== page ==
9) Final Shipment Inspections
Once your order has passed all production testing and mass-production is complete, the factory will advise you that it is ready to ship. It should send you photos of shipping marks for your cartons – proper carton marking is a must for import compliance.
Rather than rely on the factory’s final shipment inspection, hire an independent agency. It typically costs $300 and it’s worth every penny. I normally work with a company called KRT Audit Corp. (www.chinainspect.com), with offices throughout Asia.
At this stage you also would prepare what’s called final shipment inspection criteria. This guides inspectors as to what they should look for. Basically, you should include packaging, functionality and appearance issues, send photos of proper samples vs. quality control issues, along with a copy of your original purchase order with the factory. Within a few days, you should have a thorough inspection report, which will include photos of the final shipment.
10) Shipping / Customs Clearance
If your factory is shipping to you on a CIF port basis, it will arrange to deliver the order to the shipping company at the port of departure. It will prepay the ocean freight and marine insurance, and prepare shipping documentation for your review.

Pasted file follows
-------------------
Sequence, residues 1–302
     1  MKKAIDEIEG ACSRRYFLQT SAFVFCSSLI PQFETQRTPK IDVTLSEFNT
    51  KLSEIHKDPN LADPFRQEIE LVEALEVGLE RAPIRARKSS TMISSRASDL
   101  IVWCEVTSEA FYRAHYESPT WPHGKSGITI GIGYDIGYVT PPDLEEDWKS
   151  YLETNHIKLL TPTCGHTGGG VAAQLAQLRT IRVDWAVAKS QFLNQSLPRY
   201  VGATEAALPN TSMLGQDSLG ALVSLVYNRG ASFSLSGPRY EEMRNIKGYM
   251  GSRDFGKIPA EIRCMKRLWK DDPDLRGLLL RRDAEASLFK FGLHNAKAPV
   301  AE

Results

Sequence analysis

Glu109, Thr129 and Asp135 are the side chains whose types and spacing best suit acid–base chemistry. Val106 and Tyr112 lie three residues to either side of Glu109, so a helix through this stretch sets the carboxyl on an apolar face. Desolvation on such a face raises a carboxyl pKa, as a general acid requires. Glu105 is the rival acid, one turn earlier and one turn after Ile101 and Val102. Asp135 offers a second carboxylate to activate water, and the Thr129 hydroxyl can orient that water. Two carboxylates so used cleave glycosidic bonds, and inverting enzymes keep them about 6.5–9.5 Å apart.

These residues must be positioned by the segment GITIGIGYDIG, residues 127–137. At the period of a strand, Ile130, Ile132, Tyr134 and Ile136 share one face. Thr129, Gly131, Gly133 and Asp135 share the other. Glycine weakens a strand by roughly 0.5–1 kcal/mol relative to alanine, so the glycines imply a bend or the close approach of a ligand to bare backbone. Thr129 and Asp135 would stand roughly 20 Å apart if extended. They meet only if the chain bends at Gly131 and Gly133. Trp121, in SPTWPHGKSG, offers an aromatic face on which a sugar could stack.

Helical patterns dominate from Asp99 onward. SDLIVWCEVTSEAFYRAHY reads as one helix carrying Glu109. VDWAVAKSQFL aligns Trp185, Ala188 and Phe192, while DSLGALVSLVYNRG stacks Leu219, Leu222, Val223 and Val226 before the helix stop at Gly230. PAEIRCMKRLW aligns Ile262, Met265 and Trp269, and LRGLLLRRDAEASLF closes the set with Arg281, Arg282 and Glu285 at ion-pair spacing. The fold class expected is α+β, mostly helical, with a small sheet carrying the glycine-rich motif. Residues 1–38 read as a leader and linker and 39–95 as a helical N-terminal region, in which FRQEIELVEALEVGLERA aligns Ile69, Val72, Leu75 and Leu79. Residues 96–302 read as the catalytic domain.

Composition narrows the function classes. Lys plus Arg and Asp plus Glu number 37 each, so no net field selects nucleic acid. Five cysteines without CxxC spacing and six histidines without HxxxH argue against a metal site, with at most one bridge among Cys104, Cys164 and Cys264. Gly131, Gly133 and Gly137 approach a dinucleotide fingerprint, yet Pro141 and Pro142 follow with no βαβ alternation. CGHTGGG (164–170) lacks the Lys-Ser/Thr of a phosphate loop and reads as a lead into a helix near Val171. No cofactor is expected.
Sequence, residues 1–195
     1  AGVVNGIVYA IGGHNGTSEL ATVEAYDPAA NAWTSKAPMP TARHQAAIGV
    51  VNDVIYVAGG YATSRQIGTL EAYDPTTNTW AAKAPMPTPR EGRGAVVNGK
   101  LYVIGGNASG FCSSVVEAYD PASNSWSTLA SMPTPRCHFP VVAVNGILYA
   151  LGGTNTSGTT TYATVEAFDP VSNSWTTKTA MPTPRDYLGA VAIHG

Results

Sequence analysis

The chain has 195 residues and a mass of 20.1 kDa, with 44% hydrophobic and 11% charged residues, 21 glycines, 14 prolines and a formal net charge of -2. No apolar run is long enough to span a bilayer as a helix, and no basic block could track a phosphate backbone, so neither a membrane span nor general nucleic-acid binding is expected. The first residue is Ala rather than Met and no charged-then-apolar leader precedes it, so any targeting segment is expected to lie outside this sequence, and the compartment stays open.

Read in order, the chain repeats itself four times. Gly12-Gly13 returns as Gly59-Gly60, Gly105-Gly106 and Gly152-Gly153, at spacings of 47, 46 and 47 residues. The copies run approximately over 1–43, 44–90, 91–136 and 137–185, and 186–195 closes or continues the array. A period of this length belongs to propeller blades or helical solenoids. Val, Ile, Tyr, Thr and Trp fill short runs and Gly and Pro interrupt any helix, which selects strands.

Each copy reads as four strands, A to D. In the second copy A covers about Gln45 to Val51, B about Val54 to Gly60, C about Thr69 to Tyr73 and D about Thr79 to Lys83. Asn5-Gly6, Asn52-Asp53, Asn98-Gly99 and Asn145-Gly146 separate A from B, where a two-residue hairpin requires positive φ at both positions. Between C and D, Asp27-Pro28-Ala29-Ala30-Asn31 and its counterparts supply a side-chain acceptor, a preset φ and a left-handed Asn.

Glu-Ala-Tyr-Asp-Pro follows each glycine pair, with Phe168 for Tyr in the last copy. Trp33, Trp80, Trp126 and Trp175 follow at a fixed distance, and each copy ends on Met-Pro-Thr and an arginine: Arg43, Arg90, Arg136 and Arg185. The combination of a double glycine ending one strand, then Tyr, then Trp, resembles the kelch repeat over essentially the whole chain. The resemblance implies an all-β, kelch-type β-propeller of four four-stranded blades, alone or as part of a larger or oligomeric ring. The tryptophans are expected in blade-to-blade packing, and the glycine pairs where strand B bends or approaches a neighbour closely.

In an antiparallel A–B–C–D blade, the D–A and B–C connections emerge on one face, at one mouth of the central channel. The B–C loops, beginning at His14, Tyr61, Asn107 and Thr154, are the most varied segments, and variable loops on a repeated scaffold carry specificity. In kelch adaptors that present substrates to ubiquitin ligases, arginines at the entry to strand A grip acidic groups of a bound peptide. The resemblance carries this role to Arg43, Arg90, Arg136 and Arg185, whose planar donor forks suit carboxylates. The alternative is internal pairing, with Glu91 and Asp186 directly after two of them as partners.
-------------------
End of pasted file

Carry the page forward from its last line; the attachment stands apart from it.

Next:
If you lack experience in the various requirements for shipping documentation such as the commercial invoice, packing list, certificate of origin, bill of lading, etc., you can ask your sourcing consultant or U.S. customs broker to check them to make sure all information is in accordance with the terms of your purchase order.
Once you have a copy of the shipping document (bill of lading or shipping manifest), you can wire transfer the balance due on your order – typically 70 percent – from your bank to the overseas factory’s bank.
If the factory is shipping on an FOB (overseas) port basis, and you must arrange the freight on your own, work with your freight forwarder in that country to make arrangements with the shipping company to book a space for your order, and apply for marine insurance on your behalf.
Ask your U.S. customs broker to give you the name of an agency she or he works with in the departure port city. Once the freight arrives in the United States, your customs broker can clear your shipment through Customs, prepay any import duties, and arrange trucking from the port to your inland delivery destination.
Make sure, along with sending the shipping documentation to the customs broker, you also send a copy of the binding ruling classification to present to Customs so there are no duty surprises. The U.S. customs broker will send you a bill for these services.
Edie Tolchin, aka “The Sourcing Lady,” is an international trade consultant with 35 years of experience, a licensed U.S. Customs Broker, and co-author of Sourcing Smarts: Keeping it Simple with China Sourcing and Manufacturing. Contact her at [email protected], www.egtglobaltrading.com or 845.321.2362.